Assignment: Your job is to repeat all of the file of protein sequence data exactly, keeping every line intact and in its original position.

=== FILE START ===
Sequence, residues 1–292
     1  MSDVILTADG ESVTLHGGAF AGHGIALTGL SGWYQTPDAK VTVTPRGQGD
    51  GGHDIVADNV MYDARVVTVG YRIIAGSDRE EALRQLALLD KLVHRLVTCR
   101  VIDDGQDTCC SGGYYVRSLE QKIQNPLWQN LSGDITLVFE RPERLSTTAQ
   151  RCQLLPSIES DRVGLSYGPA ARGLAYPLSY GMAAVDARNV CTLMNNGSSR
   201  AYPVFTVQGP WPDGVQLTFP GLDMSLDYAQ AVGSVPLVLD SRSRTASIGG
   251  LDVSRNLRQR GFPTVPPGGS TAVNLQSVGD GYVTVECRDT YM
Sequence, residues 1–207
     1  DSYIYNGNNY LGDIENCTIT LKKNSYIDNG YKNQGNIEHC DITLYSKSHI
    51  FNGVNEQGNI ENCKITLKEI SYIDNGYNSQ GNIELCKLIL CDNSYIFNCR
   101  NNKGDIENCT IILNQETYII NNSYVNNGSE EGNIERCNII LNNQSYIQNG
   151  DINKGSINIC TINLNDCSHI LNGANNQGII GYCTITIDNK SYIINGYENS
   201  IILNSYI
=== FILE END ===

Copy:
Sequence, residues 1–292
     1  MSDVILTADG ESVTLHGGAF AGHGIALTGL SGWYQTPDAK VTVTPRGQGD
    51  GGHDIVADNV MYDARVVTVG YRIIAGSDRE EALRQLALLD KLVHRLVTCR
   101  VIDDGQDTCC SGGYYVRSLE QKIQNPLWQN LSGDITLVFE RPERLSTTAQ
   151  RCQLLPSIES DRVGLSYGPA ARGLAYPLSY GMAAVDARNV CTLMNNGSSR
   201  AYPVFTVQGP WPDGVQLTFP GLDMSLDYAQ AVGSVPLVLD SRSRTASIGG
   251  LDVSRNLRQR GFPTVPPGGS TAVNLQSVGD GYVTVECRDT YM
Sequence, residues 1–207
     1  DSYIYNGNNY LGDIENCTIT LKKNSYIDNG YKNQGNIEHC DITLYSKSHI
    51  FNGVNEQGNI ENCKITLKEI SYIDNGYNSQ GNIELCKLIL CDNSYIFNCR
   101  NNKGDIENCT IILNQETYII NNSYVNNGSE EGNIERCNII LNNQSYIQNG
   151  DINKGSINIC TINLNDCSHI LNGANNQGII GYCTITIDNK SYIINGYENS
   201  IILNSYI